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Students’ Crystal Ball: Nutrition and Dietetics 2070

Published:February 19, 2020DOI:https://doi.org/10.1016/j.jand.2020.01.003
      This month I would like to spotlight those who are just beginning their careers and will embody our organization and profession in decades to come: Student members. How do students envision their part in the future of our Academy and profession, and what will nutrition and dietetics look like in 2070?

      Today’s Actions Benefit Tomorrow

      Isis Bello Hernandez graduated in December 2019 from Arizona State University, where she was a student liaison. “I want to eventually work in the public health sector so I can help reform education courses for children, teenagers, and young adults in hopes that earlier, more comprehensive nutrition education can help with body-image issues, later-in-life diseases, or food habits,” she says. She sees a future where practitioners benefit from actions being taken today at the state and national levels on licensure, credentialing, and educational requirements to become registered dietitian nutritionists (RDNs). “Although our field may not be as old as the MD community,” Bello Hernandez says, “we are educated, we are experienced, and we know what we’re talking about.”

      The Role of Technology and Research

      Trilanda Johns, senior in the Coordinated Program at Keiser University, is a student liaison and served as vice president and president of the campus’s student dietetics association. “In 50 years,” she says, “with the help of technology and enthusiastic researchers, I feel that the Academy will have so much more to offer professionals in the way of evidence-based interventions and treatments. I also think that we will finally have answers for the cause of presently unknown chronic illnesses and disease processes.”

      Innovative Spirit

      An at-large student delegate to the House of Delegates and student committee chair of the Public Health/Community Nutrition Dietetic Practice Group (DPG), among other volunteer positions within the Academy, Matthew Landry recently completed his PhD at the University of Texas. “My generation has been instrumental in contributing to and expanding our nation’s technology and innovation in the nutrition field,” Landry says. “I see the profession of 2070 being more diverse and inclusive to better serve the communities and individuals we work with. I foresee more leaders within the Academy being persons of colors, men, LGBTQ, or from diverse or untraditional backgrounds.”

      Focus on Prevention and Sustainability

      A graduate student at Colorado State University, Kiri Michell has served as chair and vice chair of the Academy’s Student Advisory Committee and is a member of the Foundation’s current Board of Directors. “I hope that in the next 50 years, there will be a huge emphasis on sustainability and more focus and awareness on preventive nutrition,” Michell says. “I hope nutrition is integrated better into schools to instill healthy habits at younger ages. I would love to see people become more interested, self-aware, and self-invested in what they eat, and to see the importance of nutrition and food science as we age.”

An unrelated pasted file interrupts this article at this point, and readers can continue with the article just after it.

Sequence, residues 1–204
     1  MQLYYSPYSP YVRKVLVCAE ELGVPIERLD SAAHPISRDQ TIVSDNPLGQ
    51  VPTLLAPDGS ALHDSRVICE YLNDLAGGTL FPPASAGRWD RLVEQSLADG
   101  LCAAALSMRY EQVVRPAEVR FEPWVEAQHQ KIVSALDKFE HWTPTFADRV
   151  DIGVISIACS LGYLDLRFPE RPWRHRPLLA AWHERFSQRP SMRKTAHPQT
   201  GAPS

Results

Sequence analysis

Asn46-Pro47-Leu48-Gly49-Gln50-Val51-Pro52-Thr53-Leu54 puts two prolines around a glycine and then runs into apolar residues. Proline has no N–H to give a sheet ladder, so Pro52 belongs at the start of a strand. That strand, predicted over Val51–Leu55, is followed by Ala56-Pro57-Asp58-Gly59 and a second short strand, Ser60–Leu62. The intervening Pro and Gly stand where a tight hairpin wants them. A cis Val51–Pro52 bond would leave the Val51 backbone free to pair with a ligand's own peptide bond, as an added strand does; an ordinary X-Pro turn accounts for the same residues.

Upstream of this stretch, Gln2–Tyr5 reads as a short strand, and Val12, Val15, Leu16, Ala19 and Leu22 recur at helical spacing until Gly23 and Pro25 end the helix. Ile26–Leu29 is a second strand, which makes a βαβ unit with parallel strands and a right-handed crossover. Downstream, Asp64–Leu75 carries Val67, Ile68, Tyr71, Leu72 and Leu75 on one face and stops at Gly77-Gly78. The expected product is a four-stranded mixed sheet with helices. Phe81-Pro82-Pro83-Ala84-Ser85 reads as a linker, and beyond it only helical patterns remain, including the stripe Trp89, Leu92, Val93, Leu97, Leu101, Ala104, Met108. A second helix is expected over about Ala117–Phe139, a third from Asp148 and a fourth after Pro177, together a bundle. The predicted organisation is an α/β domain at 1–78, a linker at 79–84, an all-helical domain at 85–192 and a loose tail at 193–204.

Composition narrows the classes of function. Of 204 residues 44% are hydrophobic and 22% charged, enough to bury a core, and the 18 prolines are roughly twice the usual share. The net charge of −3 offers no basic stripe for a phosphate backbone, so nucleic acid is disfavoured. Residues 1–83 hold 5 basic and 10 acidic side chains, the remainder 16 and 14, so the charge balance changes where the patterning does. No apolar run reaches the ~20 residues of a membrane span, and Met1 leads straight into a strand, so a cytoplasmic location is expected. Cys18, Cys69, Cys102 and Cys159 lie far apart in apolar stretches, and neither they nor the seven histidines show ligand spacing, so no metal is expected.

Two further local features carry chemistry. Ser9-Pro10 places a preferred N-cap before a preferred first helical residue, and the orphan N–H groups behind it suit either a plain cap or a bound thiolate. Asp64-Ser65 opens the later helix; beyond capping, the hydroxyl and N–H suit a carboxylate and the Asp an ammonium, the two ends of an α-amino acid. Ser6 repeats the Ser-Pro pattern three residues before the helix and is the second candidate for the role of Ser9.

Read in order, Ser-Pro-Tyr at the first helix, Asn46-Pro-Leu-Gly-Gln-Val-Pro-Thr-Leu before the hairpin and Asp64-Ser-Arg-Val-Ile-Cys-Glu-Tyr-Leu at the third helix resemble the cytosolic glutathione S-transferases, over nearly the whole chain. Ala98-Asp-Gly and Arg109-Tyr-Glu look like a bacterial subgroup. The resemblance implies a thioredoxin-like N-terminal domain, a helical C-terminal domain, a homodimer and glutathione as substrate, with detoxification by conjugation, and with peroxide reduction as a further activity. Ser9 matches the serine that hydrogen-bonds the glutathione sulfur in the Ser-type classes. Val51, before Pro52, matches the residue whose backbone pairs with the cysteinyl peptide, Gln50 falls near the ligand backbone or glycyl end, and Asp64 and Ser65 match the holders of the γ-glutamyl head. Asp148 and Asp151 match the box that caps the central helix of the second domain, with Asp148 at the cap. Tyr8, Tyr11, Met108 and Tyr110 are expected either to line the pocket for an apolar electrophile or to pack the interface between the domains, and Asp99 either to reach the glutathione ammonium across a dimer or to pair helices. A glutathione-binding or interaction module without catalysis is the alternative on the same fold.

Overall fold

Diverse and Nontraditional Practice Areas

      Danielle Sanders, a dietetic intern and master’s degree student at the UTHealth School of Public Health in Houston, TX, serves as a student liaison and a member of the public policy committee of the National Organization of Blacks in Dietetics and Nutrition. “I see the profession being more diverse as the Academy works to reflect the ever-changing population,” Sanders says. “I also see there being an increase in nontraditional practice areas as more dietitians branch out and begin using their skill sets to influence change in areas related to and impacted by nutrition.”

      Support, Empower, Mentor

      Dimitra Kristina Thomopoulos is a graduate of CUNY – Hunter College, earned a master’s degree from Drexel University, and is a dietetic intern at the National Institutes of Health. She was a student liaison at Drexel and fills the same role now at the National Institutes of Health. By 2070, Thomopoulos predicts, the RDN “will be well-known as the clinician who is the most qualified to address nutrition-related health needs in various settings. Overall, [RDNs] will be a unified group of intellectually and culturally diverse professionals who support, empower, and mentor one another for the continued promotion and advancement of our profession.”

      Making the Journey Sweeter

      I agree with our students’ predictions and welcome their talents and passions as they create the future of our profession. I want to give Isis Bello Hernandez the last word, since she clearly speaks for thousands of her fellow students—past, present, and yet to come:
      “I am writing this before I leave to walk at my graduation. It took sweat, tears, and loads of anxiety to get to this point, but I am ecstatic because it has made this journey so much sweeter. This is the end of one chapter and the beginning of another.”
      Congratulations, Isis; speaking on behalf of all Academy members, thank you and best wishes to all our students. With you at the helm, our future is in good hands.